Kai Hugo works in two guises. Palmbomen is a group-oriented collaboration suited for live dynamics and instrumentation, while Palmbomen II is geared toward solitary production with an austere toolset: classic sequencers, time-tested drum machines and their contemporary counterparts. Hugo’s foray as Palmbomen II makes its debut on Beats In Space Records with the eponymous full-length Palmbomen II.
Guided by voices hardwired into machines of house productions past, Hugo found his footing on the road most travelled by pioneering dance producers by following a spontaneous ethos to create Palmbomen II. The live ideology applied to Palmbomen’s 2013 album Night Flight Europa guides this path, yet the true vehicle of Palmbomen II is optimized with a single driver-seat.
Recorded during a summer lockdown in his mother’s attic in their hometown of Breda, The Netherlands, Hugo monastically set forth making Palmbomen II with tools of a seemingly distant trade: machines – to program and to play – and tape – to record the results. By reversing the perceived potential in hardware versus software production, Hugo returned to the creative core sometimes blinded by too much screen glow: make good music and the rest will follow.
“Program the rhythms, arrange the harmonies, play these together, and record to tape. That’s it,” says Hugo. By virtue of Hugo’s reductive approach, Palmbomen II is flagrant with moments that fall outside an “ideal” mix. The album is imbued with a literal human touch. One hears Hugo riding Oberheim DX faders in real time, improvising Arp 2600 patches at the turn of a track, and dripping sweat across Roland TR-909 keys.
Beyond the process of Palmbomen II, the album adheres to two metaphysical atmospheres: his mother’s attic and The X-Files. The attic’s liminality inspired a routine practice of tracking four songs a day for a solid week throughout different parts of the summer. A solitary binge of sorts, the fourteen tracks of the album represent only a portion of the escapist trove Hugo yielded.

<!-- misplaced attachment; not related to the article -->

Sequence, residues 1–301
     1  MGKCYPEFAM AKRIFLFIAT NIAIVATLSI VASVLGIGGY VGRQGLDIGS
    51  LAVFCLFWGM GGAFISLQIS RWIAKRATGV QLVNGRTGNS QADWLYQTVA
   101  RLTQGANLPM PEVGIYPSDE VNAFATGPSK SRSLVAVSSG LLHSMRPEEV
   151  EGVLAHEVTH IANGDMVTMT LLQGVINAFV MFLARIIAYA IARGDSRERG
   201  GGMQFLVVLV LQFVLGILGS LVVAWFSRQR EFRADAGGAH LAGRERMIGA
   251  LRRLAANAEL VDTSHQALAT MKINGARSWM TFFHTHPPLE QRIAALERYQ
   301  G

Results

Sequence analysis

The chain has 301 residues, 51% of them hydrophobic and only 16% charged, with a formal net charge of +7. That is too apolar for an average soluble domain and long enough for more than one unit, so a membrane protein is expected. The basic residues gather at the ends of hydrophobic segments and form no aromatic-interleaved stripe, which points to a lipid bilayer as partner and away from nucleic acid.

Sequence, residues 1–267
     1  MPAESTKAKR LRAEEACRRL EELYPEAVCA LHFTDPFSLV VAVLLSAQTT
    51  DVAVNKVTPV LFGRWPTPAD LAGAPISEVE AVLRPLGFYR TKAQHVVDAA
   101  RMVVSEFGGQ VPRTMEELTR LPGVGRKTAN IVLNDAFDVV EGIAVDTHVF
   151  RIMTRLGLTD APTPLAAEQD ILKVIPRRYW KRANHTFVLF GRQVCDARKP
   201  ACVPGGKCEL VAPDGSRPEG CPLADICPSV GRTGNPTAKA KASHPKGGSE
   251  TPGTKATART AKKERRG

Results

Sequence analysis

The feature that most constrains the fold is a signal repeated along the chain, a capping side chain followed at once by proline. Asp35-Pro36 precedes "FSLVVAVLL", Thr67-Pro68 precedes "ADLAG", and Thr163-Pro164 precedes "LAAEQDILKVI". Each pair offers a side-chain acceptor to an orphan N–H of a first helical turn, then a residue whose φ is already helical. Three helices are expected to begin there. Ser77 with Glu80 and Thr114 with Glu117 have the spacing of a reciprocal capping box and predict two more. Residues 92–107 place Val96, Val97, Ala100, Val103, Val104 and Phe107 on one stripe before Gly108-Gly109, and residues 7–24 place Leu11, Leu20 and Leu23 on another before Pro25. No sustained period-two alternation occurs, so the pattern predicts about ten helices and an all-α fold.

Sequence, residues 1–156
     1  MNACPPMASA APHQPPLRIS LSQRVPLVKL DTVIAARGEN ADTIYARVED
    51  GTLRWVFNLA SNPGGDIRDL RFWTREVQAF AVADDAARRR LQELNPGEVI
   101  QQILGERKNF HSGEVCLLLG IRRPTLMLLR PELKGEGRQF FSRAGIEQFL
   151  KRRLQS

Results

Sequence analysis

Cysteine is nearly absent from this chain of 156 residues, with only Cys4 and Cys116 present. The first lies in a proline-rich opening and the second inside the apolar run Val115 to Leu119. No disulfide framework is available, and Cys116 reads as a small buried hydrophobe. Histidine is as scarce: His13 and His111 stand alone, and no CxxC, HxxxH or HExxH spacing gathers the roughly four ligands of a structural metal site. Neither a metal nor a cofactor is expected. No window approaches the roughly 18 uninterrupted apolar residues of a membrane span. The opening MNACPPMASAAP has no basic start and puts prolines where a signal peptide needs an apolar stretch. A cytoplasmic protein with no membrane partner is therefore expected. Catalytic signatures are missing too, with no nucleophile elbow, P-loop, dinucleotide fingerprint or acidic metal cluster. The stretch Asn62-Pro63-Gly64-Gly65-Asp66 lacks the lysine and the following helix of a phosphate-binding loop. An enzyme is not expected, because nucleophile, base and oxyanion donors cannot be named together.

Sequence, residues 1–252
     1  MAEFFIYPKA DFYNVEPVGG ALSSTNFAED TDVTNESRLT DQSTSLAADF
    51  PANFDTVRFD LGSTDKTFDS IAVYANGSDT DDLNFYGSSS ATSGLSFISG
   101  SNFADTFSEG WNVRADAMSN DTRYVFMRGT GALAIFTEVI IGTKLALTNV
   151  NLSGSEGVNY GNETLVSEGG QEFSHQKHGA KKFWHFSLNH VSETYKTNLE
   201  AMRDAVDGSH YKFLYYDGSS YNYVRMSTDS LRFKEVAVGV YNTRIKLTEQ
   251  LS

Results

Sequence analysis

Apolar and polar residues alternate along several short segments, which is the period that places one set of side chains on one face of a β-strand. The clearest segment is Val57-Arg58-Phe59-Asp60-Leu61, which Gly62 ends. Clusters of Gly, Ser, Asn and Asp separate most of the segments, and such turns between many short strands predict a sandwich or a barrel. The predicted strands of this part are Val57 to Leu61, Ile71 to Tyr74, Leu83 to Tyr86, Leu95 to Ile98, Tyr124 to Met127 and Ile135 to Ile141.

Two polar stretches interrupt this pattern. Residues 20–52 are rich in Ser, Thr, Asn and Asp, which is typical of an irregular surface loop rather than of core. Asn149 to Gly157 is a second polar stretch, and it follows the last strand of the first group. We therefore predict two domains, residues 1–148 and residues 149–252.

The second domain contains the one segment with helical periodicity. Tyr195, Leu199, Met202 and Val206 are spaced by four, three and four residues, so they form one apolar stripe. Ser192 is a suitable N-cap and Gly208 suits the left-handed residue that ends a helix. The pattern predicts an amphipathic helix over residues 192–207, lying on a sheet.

Simultaneously, Hugo’s binge-watching of the 90s / early aughts sci-fi television show colored characteristics in his music. Set in Vancouver, The X-Files’ early seasons are felt in the wave-crashing, deep forest melodies of “Cindy Savalas” and “John Lee Roche”, while the languid rhythms of “Carina Sayles” mirrors the human condition as morphed by the show’s extraterrestrial encounters.
Palmbomen II possesses the qualities of an artist slowly slipping from one reality to the next, yet it welcomes listeners to experience this transcendence in tandem. By toeing the primal lines drawn in early electronic production, the base – and bass – from which Hugo explores the fringe remains musically bright and in sight.
Recently relocated to Los Angeles to cruise Shaky Town’s alien lanes, Hugo plans to bring his Palmbomen II project to the live stage with an extensive crew of hardware compatriots. Palmbomen II is available now on double LP, CD, and digital formats via Beats in Space Records.